LEWISTON — There’s nothing more contentious in New York State education circles right now than the common core standards and how they’re being implemented.
It has administrators and teachers in a tizzy, parents up in arms and students crying and, worst of all, failing assessments they likely passed a few years ago.
Lewiston-Porter is just one of many school districts which saw a dramatic dip in student performance in this past April’s assessments for mathematics and English Language Arts in grades 3-8. But Andrew Auer, principal of the district’s Intermediate Education Center, said the problem isn’t actually the common core.
He’s upset with the way it’s been rolled out to the state’s districts.
“It’s not the common core that’s the problem,” he said during a presentation about the controversial curriculum Tuesday. “It’s the timeframe we’ve been given to implement it. If they told us two years ago ‘You have two years to implement this,’ we would’ve been (fine).”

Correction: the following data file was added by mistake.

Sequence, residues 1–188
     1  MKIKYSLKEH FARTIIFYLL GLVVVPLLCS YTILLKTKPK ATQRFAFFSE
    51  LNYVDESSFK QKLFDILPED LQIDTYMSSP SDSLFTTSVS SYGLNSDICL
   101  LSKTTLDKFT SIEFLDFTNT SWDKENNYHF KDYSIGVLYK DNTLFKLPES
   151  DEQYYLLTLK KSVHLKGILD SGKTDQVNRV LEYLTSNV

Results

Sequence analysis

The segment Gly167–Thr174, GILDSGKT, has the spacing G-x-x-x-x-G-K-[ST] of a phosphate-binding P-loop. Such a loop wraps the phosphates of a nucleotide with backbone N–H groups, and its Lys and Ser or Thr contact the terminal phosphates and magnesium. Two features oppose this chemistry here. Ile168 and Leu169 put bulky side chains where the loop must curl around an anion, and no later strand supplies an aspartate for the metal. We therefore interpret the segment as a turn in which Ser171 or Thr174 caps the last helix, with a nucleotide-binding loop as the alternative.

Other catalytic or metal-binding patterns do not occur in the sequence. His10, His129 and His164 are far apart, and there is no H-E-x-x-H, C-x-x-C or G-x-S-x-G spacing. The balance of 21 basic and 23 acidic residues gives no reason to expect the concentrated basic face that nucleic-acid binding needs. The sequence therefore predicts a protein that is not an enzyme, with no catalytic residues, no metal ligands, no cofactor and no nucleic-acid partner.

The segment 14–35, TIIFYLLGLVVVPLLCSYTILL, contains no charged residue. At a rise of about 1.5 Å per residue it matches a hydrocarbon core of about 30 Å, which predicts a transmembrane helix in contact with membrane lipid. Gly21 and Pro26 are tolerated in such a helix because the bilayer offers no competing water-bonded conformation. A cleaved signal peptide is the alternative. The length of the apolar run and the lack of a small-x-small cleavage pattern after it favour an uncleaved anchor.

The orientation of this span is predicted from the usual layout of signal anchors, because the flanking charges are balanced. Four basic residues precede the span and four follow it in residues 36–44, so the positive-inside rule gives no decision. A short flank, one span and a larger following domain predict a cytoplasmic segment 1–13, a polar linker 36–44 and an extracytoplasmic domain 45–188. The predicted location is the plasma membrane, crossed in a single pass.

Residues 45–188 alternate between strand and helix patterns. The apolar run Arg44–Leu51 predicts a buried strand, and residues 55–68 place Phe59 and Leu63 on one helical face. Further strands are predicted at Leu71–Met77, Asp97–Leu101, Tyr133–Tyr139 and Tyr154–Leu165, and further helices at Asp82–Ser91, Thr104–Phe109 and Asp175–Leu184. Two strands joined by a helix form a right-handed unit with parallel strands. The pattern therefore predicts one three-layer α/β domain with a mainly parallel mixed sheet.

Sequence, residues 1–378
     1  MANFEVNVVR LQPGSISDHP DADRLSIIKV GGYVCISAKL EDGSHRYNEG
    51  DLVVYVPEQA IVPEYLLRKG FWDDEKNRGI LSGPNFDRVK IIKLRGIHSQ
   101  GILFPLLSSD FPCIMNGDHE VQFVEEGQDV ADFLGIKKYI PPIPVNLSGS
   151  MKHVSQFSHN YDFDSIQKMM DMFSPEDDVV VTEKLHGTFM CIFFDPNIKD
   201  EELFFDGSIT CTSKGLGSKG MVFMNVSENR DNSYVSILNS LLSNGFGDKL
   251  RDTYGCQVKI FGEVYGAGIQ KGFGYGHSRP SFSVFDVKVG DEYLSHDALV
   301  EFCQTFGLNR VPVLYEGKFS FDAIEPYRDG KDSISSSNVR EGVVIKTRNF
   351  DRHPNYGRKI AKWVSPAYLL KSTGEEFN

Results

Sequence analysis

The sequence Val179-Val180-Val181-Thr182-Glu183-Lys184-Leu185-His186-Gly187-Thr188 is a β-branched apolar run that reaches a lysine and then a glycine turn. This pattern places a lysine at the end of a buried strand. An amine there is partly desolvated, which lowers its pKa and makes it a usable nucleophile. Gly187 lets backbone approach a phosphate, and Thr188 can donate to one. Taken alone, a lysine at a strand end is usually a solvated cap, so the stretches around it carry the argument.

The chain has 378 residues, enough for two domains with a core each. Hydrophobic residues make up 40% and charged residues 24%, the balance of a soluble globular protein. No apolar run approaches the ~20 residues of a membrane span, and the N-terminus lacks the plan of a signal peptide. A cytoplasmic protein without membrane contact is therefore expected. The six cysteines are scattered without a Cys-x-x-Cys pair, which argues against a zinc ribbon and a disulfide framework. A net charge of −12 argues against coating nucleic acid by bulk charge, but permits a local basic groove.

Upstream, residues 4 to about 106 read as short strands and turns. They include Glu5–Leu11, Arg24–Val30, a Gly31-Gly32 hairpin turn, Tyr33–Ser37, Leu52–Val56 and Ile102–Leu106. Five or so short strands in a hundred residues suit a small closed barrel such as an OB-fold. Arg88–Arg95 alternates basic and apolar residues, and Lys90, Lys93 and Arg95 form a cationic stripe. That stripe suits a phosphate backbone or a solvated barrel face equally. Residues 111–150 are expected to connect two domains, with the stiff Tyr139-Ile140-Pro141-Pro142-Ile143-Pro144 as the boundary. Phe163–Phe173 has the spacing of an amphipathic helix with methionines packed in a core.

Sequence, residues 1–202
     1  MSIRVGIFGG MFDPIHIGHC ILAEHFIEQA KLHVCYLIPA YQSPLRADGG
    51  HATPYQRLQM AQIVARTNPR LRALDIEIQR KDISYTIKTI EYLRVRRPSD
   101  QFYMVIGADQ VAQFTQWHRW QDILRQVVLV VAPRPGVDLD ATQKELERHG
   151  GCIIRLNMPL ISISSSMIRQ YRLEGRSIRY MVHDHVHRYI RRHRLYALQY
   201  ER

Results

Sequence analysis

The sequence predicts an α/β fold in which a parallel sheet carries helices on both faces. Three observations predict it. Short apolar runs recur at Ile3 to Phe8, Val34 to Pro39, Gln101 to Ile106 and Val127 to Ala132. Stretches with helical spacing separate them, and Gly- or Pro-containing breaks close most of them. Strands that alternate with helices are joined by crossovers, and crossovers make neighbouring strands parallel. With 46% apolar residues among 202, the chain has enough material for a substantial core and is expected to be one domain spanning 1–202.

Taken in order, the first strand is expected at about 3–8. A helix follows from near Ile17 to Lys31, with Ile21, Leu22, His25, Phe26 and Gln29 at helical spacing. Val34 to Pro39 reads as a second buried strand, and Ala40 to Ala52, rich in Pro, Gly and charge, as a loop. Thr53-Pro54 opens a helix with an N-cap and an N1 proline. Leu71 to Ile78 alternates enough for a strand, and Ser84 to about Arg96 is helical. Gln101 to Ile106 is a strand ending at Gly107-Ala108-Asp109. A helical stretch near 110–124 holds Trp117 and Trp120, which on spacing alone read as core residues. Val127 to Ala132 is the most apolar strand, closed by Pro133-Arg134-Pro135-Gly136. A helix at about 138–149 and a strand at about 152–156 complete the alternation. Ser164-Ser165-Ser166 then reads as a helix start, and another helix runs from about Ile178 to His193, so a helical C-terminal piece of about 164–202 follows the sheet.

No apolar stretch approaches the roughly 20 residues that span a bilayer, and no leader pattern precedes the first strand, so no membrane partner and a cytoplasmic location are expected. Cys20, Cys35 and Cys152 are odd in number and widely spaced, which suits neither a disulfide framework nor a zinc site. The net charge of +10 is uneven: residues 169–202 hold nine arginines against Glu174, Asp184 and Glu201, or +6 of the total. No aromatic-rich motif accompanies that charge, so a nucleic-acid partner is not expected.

Auer said his major concern stems from the process by which the common core designers have been rolling out their standards. He said development of curriculum is still ongoing, as one of the “modules,” or educational maps, was actually released to everyone Monday. It was the same day parents across 16 states, including New York, organized a protest of the common core standards by keeping their children home from school for a day.
Especially in mathematics, he said, the state is giving everyone involved entirely too little time to prepare for something that, at the end of the day, will affect both a teacher’s evaluation under the new Annual Professional Performance Review mandated by the state and an administrator’s review. Both are tied to student performance on the state tests, which began assessing common core-level standards even though some grade levels don’t even have standards to teach to during the year.